Check out the press release from the Department of Banking I posted below.  Great changes, putting things into law that should always have been there, hopefully this puts an end to the predatory lending practices that the recent licensing law changes may have missed.

If you’d like to read the complete Code Changes, check out this PDF

PA Bulletin Rules & Regulations

If you’d like to read the correspondence from the Secretary of Banking to the Mortgage Lenders explaining these changes, check out this PDF

Letter to Lenders

As I have said before, there is no substitute for an educated second opinion, so before you get a mortgage or refinance, call me at 717-371-0557, I’ll be happy to review your mortgage terms with you to make sure you are protected!

Dec. 22, 2008
Department of Banking
Commonwealth News Bureau
Room 308, Main Capitol Building
Harrisburg, PA 17120

Defines Proper Conduct for Mortgage Lenders, Brokers

HARRISBURG – Secretary of Banking Steve Kaplan today announced that new rules for the mortgage industry will help to ensure that Pennsylvania borrowers receive affordable loans with clear, up-front terms. The regulation was published in the Pennsylvania Bulletinon Dec. 20. “The major thrust of the regulation is two-fold: to restore sound underwriting practices to the licensed mortgage industry and improve disclosures,” said Kaplan. “The lax lending standards and increasingly complex loans that were commonplace during the housing boom helped to create the wave of foreclosures we are facing today.”

Under the new regulation, mortgage lenders and brokers must document and verify a borrower’s income, fixed expenses and other relevant factors in order to reasonably determine whether the borrower will be able to pay back an offered loan. This requirement will restrict low- and no-documentation mortgages in which applicants do not have to provide proof of income, employment and other information.

The regulation also requires mortgage companies to clearly disclose in a one-page summary whether a loan has any of the following features:

Variable interest rate,

Prepayment penalty or balloon payment,

Property taxes and hazard insurance included in the monthly payment, or

Negative amortization feature in which the payments are set so low they do not cover the interest, let alone principal, of the loan.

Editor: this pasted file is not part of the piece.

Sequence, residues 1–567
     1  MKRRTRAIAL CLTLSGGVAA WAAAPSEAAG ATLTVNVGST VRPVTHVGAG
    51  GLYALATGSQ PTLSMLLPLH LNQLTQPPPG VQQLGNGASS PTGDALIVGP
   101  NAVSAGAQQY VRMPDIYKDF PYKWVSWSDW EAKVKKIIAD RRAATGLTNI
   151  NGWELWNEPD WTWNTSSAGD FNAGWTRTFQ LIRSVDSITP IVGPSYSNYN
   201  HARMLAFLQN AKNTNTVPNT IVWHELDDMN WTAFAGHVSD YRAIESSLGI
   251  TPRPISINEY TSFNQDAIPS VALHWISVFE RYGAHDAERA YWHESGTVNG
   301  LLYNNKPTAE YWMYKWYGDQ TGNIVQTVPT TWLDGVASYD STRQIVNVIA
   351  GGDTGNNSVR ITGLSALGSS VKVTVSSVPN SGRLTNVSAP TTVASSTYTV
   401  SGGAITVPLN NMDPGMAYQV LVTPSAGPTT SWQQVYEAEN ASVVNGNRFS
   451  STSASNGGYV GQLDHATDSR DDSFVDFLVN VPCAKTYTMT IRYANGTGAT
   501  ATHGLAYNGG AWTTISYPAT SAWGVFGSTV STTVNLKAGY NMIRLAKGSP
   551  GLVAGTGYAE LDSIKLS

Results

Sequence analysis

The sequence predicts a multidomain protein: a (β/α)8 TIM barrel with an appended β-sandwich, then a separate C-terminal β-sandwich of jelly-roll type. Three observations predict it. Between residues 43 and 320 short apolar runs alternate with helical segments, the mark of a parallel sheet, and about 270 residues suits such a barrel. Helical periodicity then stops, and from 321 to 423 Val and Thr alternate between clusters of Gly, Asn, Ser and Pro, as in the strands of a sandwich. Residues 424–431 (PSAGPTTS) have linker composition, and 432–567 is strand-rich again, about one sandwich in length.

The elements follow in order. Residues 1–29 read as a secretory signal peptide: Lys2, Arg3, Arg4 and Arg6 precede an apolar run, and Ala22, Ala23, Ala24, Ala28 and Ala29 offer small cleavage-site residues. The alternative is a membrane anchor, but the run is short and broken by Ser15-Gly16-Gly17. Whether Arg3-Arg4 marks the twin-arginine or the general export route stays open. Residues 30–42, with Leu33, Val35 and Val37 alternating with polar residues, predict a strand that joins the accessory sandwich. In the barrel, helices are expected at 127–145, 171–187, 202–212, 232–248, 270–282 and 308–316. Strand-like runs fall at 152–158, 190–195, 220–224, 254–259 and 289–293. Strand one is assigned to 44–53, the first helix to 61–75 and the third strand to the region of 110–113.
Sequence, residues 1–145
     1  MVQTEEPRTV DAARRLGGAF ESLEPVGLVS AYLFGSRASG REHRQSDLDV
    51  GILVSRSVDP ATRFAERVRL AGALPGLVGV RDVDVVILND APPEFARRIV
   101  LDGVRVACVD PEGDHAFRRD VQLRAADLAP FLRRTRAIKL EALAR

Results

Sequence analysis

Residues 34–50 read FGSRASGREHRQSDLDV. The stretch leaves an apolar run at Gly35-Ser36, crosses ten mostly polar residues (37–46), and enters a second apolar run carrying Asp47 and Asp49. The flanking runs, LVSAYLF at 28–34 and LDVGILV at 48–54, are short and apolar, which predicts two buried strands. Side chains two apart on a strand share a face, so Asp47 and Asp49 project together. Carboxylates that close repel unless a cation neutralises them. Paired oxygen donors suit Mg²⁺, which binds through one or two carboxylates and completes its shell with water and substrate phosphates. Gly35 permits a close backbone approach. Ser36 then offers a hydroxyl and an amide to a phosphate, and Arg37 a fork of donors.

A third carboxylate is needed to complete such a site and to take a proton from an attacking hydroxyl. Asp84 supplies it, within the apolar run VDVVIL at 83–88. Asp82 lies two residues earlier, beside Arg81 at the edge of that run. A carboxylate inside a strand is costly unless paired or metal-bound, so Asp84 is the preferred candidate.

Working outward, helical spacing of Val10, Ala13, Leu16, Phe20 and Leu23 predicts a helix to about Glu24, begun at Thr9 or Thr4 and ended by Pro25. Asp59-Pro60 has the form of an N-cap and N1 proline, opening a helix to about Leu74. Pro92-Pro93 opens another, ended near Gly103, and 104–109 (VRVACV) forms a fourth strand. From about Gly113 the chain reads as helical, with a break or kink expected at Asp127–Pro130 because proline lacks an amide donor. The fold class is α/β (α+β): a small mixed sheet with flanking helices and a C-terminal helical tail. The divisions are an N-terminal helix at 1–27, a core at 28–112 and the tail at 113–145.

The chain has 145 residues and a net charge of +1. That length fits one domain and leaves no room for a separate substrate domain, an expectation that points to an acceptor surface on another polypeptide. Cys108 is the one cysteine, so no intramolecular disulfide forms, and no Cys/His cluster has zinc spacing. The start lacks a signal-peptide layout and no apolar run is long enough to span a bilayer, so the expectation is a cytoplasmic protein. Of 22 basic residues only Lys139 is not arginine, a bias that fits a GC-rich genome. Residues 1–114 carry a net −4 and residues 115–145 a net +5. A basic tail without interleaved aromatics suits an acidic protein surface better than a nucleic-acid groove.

The new disclosure form will also note whether the lender has the ability to directly lock-in an interest rate. The form will be available to mortgage companies early next year.

The ability to repay and disclosure requirements will go into effect March 20. The regulation also contains new rules regarding loan funding, payoff statements, advertising and advice to borrowers, all of which take effect immediately.

“There is ample evidence that many borrowers do not understand the disclosures currently provided to them under federal law and that these disclosures have failed to keep up with product innovation in the marketplace,” said Kaplan. “The form developed by the department for use in Pennsylvania will go a long way towards bridging these gaps.”

The regulation is based on recommendations from the Department of Banking’s 2005 study, “Losing the American Dream: A Report on Residential Mortgage Foreclosures and Abusive Lending Practices,” which documented foreclosure trends and lending practices that are abusive to consumers.

The study also provided the blueprint for the five-bill mortgage reform package Governor Edward G. Rendell signed into law in July. The new laws require loan salespeople working for mortgage companies to be licensed by the Department of Banking and allow the department to share information on enforcement actions against licensees with the public sooner. The laws also prohibit prepayment penalties on loans of $217,823 or less, require lenders to notify the state when they intend to foreclose on homeowners, and increase penalties for misconduct by real estate appraisers.